Navy’s Latest Aircraft Carrier Will Need $780 Million And Years Of Work To Be Sea Ready
The future aircraft carrier named for former President Gerald R. Ford will need years of work and potentially $780 million to be ready for deployment, even though the ship has been delivered to the Navy.
Shipbuilder Huntington Ingalls delivered the $12.9 billion aircraft carrier, known as CVN-78, to the Navy in May “with a significant amount of outstanding construction, tests, and [sea] trials,” according to a Government Accountability Office report released Thursday.
The Gerald R. Ford “will not be ready for deployment until fiscal year 2021 at the earliest, even though the Navy accepted delivery of the ship in May 2017 and plans to provide it to the fleet in fiscal year 2019,” the report said.
The carrier is not the only ship that needs extensive work after the ship is delivered to the Navy. The GAO reviewed eight ships that the Navy has received into the Navy, or in the process of being commissioned. Each ship enters a two-year period after delivery from the manufacturer to undergo ocean trials, test the systems, and receive operational certifications.
All of the ships were initially delivered to the Navy with deficiencies, some of which “would significantly degrade the ability the ability to perform a mission,” Michele Mackin, the GAO’s managing director for acquisition and sourcing management research, told The Daily Caller News Foundation.
In looking at the ships delivered to the Navy from shipbuilders, the GAO questioned whether the Navy’s policies — which require a ship be “defect-free and mission capable” when it’s first turned over the the Navy. “That isn’t happening,” Mackin said.
“Once we delved into the ships in our review and peeled the onion back and looked at the number of casualties and defects that were there at delivery, we realized the policy was not realistic,” Mackin said. The Navy routinely waives its own policy to accept ships that are defect-free.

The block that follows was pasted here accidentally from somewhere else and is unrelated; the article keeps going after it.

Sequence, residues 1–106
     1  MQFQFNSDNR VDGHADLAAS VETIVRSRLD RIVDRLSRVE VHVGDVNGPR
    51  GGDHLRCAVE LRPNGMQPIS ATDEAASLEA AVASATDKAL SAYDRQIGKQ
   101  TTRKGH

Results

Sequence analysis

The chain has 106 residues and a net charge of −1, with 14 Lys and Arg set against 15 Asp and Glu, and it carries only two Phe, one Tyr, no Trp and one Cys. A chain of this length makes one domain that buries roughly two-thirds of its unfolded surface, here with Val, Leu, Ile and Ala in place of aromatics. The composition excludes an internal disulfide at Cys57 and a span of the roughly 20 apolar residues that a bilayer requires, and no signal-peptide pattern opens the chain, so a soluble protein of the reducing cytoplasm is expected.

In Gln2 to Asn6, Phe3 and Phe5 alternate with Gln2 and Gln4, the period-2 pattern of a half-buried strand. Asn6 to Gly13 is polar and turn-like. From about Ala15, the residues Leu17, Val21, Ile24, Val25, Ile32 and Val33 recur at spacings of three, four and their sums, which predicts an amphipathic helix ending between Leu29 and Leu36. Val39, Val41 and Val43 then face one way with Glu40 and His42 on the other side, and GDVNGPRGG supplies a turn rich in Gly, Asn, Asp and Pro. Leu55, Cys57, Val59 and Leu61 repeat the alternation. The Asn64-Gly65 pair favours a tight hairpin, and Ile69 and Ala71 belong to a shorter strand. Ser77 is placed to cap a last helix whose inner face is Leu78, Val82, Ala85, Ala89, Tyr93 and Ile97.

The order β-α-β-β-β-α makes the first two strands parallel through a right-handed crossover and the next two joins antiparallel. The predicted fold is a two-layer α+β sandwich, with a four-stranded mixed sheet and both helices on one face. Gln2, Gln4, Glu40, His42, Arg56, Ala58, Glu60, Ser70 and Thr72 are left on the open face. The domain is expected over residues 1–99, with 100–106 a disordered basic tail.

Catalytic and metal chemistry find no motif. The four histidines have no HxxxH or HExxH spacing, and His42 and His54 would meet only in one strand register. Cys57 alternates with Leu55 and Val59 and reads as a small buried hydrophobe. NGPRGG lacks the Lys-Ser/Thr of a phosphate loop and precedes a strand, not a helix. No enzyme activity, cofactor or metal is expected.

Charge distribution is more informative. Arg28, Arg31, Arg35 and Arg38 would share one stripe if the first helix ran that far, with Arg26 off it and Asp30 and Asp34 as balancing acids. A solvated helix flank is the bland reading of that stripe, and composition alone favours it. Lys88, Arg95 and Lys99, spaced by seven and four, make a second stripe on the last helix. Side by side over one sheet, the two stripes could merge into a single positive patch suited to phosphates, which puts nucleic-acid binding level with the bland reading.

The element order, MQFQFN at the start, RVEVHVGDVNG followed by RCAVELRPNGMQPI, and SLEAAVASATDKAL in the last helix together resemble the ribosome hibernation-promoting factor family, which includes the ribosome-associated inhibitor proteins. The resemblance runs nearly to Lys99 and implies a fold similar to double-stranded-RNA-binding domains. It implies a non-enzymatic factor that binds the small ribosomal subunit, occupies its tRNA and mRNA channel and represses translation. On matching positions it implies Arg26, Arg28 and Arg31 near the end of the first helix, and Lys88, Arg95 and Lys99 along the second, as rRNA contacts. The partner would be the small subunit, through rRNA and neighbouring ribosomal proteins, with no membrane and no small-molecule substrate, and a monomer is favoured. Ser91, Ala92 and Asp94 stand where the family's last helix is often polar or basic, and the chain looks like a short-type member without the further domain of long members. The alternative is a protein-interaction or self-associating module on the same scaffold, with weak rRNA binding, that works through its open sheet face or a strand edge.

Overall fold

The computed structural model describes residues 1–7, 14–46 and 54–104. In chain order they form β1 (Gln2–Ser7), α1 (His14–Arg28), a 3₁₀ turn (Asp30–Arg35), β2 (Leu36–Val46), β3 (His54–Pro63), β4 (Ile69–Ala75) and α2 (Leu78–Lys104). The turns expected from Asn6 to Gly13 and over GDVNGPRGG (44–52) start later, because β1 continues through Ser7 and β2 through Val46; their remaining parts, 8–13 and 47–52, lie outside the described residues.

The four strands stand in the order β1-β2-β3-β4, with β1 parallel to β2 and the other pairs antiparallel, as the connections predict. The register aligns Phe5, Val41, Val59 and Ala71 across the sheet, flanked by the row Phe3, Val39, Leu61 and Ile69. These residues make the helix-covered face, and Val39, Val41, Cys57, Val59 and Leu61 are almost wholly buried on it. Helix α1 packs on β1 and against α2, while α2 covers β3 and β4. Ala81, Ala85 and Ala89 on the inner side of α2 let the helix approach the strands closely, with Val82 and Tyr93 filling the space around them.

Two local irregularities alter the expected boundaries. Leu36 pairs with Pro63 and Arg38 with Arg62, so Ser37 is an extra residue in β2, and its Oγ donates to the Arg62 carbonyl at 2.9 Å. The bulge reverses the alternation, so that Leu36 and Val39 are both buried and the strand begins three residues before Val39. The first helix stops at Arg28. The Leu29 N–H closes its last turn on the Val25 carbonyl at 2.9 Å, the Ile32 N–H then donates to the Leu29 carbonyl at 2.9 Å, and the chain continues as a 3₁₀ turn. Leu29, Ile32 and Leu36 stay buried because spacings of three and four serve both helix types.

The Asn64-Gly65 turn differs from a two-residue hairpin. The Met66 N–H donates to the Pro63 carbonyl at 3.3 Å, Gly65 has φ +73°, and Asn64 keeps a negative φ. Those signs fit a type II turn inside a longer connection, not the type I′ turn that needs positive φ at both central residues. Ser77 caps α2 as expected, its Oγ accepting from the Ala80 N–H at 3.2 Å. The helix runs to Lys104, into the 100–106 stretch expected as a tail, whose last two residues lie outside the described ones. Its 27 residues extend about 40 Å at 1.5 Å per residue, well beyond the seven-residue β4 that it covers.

In the case of the Gerald R. Ford, the first ship in its class, there are a lot of new technologies that need to be worked out, and it’s simply easier to do that under the Navy’s direct supervision rather than under the purview of the shipbuilder.
The practice of waiving deficiencies and contracting with the shipbuilder later could come at a cost to taxpayers. Mechanical problems that remain when the ship is delivered to the Navy are supposed to be covered by the shipbuilder, but that doesn’t always happen. “While the Navy contracts with the shipbuilder to correct deficiencies,” GAO wrote in a 2016 study, “the Navy has paid for the vast majority of these corrections for the ships in our review.”
President Donald Trump toured the Ford in a visit in March, promising to build more aircraft carriers to provide the “twelve-carrier Navy we need,” Bloomberg News reported. Standing on the Ford’s vast deck feels “like you’re standing on a very big piece of land,” Trump said.
TheDCNF reached out for comment from Huntington Ingalls, but received none at time of publication.
The future aircraft carrier named for former President Gerald R. Ford will need years of work and potentially $780 million to be ready for deployment, even though the ship has been delivered to the Na
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